“My wife works from home so she does the chores. However, I help her from time to time when I am not very tired from work. I pay all the bills, but she provides food occasionally. When making decisions, we consider both our opinions and go with whichever makes more sense,” says Kevin.

“These days people are sharing the bills, but we are not able to share leadership. I am hearing it is half-half but I feel like that is what is spoiling many families because when a woman feels like she will also be doing half, why should she also not have the authority? Men should take the role of leadership,” says Nicoleta Mungai, a marriage and family therapist.

According to Nicoleta, marriage partners need to understand what their roles are. In as much as ladies are chipping in financially, consider the chores which are part of their roles.

While in a marriage, it is important to have investments, which will provide financial security during tough times. This can be done jointly or separately and from this, the question of which is the best method to use arises.

 “When that property is purchased, do not put it down as Mr and Mrs joint ownership, put your full name there. Mrs can be anyone. We see these men coming with any woman and saying that this is my Mrs,” says Mercy.

That is not the only importance of having your full name. Sometimes in Africa when the husband dies, the family turns against the woman and they take everything the husband owned.

On owning a property solo, there was a case that broke the internet of a husband who unknowingly used to pay rent to a property owned by his wife.

When it comes to such cases, Anne advises people to let their partners know which businesses they own. Hiding things from your partner causes tension in the marriage and can lead to a breakup. She adds that if you know your partner is a spender, don’t tell too many details of the investments.

“I tell my clients to always have a joint account for most of what you do as a family. However, each of you should have your own account. You can keep asking for money from your husband all the time and he can’t keep explaining what he is doing with his money,” says Anne.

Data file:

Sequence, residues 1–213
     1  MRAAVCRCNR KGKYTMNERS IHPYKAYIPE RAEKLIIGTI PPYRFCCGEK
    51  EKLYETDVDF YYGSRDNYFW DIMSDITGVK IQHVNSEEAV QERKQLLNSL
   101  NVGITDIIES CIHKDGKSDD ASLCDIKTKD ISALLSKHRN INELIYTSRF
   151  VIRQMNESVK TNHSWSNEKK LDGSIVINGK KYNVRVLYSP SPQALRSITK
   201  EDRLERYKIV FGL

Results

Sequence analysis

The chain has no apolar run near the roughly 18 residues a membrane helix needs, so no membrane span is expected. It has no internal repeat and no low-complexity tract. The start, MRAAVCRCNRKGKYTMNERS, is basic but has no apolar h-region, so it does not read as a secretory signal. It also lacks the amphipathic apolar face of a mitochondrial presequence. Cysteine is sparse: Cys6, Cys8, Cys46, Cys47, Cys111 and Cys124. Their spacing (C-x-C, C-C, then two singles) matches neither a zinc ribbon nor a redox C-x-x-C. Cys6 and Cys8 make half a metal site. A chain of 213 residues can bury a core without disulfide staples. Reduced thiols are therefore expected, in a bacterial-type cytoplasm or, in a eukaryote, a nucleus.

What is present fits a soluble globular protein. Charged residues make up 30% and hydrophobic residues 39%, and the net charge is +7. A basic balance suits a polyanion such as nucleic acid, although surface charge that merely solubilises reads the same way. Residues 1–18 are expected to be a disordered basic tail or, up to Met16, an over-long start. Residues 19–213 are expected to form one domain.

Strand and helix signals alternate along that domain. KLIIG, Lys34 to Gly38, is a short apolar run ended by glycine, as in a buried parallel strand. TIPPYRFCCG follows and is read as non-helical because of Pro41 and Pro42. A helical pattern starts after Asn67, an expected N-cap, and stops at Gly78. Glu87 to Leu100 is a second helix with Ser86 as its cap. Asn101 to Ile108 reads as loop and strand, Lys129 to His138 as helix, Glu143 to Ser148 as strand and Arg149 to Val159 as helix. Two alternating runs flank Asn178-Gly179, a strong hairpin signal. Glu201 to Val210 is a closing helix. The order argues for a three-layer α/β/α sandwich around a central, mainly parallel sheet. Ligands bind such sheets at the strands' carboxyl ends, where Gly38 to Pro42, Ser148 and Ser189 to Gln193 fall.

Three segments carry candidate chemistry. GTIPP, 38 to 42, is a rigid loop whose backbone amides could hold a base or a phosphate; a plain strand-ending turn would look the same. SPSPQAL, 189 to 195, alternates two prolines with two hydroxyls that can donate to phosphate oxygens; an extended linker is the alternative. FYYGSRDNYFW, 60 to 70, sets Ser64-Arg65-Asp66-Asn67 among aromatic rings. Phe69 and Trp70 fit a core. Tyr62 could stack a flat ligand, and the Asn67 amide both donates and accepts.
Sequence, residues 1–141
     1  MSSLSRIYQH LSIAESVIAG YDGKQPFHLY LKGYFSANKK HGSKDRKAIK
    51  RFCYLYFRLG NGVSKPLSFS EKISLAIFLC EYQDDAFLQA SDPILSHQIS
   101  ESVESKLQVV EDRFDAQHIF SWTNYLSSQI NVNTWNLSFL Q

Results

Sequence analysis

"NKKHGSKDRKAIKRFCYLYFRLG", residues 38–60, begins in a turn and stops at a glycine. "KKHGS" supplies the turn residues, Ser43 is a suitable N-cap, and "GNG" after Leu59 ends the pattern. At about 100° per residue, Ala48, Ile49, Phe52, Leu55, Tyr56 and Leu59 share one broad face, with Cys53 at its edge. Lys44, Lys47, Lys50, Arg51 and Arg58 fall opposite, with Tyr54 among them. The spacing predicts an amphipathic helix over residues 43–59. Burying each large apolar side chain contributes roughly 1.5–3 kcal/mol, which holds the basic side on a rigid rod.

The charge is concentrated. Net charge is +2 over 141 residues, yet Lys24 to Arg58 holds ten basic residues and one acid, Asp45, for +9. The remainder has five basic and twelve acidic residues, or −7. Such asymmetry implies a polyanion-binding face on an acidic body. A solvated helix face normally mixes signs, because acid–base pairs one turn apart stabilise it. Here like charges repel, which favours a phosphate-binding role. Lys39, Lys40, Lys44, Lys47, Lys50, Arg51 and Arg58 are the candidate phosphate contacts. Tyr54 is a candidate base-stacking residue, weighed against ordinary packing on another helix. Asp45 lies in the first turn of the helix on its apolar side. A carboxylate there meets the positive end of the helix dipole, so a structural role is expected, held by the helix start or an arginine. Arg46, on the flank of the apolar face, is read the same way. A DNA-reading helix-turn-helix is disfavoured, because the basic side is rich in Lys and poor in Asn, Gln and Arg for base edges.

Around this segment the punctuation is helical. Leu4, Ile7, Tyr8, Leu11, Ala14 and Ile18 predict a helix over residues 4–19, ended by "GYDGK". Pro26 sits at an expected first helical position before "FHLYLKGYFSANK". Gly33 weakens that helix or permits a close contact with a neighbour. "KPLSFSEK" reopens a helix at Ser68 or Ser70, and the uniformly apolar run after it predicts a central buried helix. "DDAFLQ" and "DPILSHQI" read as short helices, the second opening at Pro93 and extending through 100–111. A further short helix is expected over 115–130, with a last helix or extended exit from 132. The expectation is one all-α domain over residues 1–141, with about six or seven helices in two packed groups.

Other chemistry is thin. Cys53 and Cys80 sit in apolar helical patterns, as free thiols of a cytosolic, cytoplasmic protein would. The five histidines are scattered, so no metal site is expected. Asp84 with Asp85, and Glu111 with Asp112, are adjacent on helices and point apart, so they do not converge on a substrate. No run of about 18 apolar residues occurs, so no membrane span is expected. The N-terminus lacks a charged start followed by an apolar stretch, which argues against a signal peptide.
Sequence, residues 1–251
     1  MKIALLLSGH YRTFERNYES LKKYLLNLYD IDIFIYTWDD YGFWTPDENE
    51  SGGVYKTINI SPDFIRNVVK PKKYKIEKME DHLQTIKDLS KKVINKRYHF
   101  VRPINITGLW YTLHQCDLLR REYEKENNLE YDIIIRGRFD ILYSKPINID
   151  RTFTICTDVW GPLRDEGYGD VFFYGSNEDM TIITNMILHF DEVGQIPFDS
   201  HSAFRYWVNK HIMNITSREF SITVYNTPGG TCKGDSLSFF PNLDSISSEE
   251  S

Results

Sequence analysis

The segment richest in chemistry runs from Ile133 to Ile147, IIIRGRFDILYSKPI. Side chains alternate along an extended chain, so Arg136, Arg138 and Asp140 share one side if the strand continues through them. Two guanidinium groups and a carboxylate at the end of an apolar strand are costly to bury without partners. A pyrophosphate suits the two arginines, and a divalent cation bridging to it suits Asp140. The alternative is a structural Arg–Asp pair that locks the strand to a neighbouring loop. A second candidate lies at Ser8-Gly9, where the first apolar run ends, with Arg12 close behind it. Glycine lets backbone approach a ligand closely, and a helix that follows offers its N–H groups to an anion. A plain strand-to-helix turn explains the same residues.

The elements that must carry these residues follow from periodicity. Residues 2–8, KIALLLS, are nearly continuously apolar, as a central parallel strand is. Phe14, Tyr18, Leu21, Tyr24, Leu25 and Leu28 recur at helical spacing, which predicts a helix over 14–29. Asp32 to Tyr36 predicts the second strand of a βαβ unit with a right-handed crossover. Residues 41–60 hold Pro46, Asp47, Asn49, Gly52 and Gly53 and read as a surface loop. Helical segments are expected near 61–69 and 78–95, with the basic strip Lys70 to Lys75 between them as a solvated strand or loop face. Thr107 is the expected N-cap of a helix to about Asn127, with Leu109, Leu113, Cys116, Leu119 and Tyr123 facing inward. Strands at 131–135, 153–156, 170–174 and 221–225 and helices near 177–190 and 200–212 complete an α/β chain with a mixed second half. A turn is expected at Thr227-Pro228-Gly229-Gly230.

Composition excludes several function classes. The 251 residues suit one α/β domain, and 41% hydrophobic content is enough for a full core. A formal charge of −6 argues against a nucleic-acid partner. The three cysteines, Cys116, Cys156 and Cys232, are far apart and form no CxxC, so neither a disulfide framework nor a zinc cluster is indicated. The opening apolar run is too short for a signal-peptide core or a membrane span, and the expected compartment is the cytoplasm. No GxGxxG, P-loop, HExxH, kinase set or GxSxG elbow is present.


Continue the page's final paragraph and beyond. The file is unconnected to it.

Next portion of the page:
Getting money from the joint account should involve both the wife and the husband. When someone needs to take money from the account, they should have a sit down with the other person because they have equal rights to use the money.

“Some people come for therapy because someone took a loan and bought something that was not a priority to the family, hence draining them financially. When people don’t agree, they end up fighting,” says Anne.

In case of a financial crisis in a marriage, the partners need to be there for each other. Nicoleta acknowledges that such cases affect men a lot. According to her, a woman can act as a housewife when the instability kicks in but if the situation is reversed, it is difficult for a man to be a househusband.

“I would like to challenge women because I am one of them. When the man is financially stable, she doesn’t tell the world my man does this for me. But when the situation is reversed, even the watchman will know he is a useless man,” she says.

According to James McWhinney, an expert on personal finance and investing, when working together, couples can achieve more than single people. He says if one is committed to a relationship, together with their partner they owe each other a calm, honest conversation about each other’s finances, habits, goals and anxieties.

“Money problems involve discussions in which ego, anxieties about control, and notions of marital roles will have to be checked. Couples who have trouble talking about money can seek out the help of a financial advisor or planner for unbiased advice,” he says in an article contributed to Investopedia.